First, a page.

Travel shares have dropped sharply on growing fears of another lost summer for foreign holidays.
British Airways owner International Airlines Group (IAG) was the biggest faller on London’s FTSE 100, losing 5%, with aircraft engine maker Rollls-Royce not far behind, shedding 4%.
Shares in easyJet fell 5% while Dublin-based rival Ryanair was nearly 3% lower, travel giant TUI dropped 5% and Jet2 lost 7%.
Foreign holidays, currently banned, could be allowed to resume from 17 May at the earliest under the government’s roadmap plan, but rising COVID-19 case numbers in Europe are stoking fears about a third wave.
Defence secretary Ben Wallace told Sky News over the weekend that the government “can’t be blind to what’s going on outside the UK”.
On Monday, social care minister Helen Whately told the BBC that it “feels premature to be booking international holidays at the moment”.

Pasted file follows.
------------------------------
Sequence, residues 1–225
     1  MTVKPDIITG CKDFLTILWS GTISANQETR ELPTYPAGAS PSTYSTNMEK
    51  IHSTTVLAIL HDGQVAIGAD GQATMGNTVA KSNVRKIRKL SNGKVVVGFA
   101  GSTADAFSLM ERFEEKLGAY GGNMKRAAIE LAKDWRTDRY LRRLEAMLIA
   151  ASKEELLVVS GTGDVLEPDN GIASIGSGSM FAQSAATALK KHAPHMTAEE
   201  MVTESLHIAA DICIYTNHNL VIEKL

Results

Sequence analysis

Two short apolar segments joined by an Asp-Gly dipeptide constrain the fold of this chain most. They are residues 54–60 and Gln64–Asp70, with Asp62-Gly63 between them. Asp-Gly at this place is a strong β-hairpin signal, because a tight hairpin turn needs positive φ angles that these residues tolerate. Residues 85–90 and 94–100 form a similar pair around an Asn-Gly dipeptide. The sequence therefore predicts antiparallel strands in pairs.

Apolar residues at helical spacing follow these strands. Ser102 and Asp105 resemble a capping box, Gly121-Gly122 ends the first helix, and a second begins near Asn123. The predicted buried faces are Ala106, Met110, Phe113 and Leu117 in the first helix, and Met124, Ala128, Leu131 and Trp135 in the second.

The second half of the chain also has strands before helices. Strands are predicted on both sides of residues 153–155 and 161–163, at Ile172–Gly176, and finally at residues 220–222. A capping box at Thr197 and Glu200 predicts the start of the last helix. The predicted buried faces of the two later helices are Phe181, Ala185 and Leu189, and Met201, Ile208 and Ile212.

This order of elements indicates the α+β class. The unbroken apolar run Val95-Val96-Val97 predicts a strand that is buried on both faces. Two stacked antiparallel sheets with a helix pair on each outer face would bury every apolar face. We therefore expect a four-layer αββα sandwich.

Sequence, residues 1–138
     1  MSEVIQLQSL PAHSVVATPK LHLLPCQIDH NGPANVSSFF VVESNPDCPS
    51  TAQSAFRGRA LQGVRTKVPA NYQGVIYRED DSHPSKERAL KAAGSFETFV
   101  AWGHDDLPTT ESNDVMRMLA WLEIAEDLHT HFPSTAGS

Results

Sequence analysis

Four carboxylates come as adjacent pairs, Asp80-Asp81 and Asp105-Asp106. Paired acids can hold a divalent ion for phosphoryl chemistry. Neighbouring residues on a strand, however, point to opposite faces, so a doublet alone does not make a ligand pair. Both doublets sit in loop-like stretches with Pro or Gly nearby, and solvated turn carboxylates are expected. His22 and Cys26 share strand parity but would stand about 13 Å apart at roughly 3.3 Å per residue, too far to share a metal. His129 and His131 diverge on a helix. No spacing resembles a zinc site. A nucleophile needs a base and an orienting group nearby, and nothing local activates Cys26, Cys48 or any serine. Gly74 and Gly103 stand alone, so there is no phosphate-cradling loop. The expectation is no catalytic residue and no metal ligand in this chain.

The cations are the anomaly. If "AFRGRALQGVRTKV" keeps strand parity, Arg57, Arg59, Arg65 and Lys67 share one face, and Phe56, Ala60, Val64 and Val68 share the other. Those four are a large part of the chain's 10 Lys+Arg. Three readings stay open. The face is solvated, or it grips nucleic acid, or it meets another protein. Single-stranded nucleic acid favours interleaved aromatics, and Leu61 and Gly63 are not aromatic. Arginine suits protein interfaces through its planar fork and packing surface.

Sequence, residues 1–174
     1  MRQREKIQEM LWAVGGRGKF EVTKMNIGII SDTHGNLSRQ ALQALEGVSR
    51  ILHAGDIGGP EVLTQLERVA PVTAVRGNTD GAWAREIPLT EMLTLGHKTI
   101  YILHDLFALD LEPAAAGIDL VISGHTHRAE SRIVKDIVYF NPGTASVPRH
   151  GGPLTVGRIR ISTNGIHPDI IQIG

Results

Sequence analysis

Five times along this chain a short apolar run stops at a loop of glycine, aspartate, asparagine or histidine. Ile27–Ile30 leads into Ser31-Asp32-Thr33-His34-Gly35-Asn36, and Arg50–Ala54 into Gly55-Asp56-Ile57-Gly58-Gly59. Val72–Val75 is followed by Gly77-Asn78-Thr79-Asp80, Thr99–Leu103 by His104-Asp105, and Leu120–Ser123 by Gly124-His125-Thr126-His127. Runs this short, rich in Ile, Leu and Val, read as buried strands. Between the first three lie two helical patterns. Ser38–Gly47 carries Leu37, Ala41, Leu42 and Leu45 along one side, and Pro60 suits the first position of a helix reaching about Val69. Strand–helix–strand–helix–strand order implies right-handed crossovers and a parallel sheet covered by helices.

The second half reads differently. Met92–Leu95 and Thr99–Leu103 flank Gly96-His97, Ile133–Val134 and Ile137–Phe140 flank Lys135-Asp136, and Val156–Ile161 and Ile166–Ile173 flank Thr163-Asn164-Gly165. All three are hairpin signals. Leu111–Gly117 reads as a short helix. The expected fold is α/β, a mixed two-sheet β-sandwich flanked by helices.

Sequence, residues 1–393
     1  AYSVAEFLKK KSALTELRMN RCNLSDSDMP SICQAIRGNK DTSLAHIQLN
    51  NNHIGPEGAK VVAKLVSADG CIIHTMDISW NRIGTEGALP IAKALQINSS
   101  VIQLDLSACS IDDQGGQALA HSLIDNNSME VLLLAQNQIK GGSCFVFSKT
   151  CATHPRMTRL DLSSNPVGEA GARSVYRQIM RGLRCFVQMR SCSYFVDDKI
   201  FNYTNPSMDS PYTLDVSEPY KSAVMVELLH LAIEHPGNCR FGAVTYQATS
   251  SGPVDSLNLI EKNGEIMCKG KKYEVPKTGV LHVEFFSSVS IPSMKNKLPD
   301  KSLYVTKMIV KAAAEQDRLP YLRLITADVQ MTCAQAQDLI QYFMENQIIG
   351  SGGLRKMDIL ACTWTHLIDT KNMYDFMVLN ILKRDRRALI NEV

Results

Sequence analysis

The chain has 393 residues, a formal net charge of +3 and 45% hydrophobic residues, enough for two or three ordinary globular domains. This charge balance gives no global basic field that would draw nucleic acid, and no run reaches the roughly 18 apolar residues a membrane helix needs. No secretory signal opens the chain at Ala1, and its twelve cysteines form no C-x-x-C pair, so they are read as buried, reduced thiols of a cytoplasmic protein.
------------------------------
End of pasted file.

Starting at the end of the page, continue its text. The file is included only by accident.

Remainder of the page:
A second summer of restricted travel would place added financial strain on airlines after taking on big debts to survive the last year of lockdowns and travel bans.
Shares in the sector had revived after Boris Johnson’s announcement of a roadmap out of lockdown last month but the prime minister is now sounding a cautious note about the “third wave” under way in Europe.
“Previous experience has taught us that when a wave hits our friends, I’m afraid it washes up on our shores as well,” Mr Johnson said.
Russ Mould, investment director at AJ Bell, said: “The travel sector is waking up on Monday to a dose of reality as cold water is poured on the idea of foreign travel for Britons this summer.
“The risk, and one being increasingly acknowledged by Government ministers, is this summer is even worse than last for the travel space as the UK keeps restrictions in place to avoid undermining its hard-won success with the vaccine.”
Johan Lundgren, chief executive of easyJet, said he had expected there would be “bumps along the way” but that the roll-out of vaccines provided light at the end of the tunnel.
Mr Lundgren told an aviation conference that the airline was well placed for a recovery.
Last month, industry body IATA forecast that carriers could burn through as much as $95bn cash this year after tightened restrictions put the brakes on recovery – adding to the estimated hit of up to $150bn for 2020.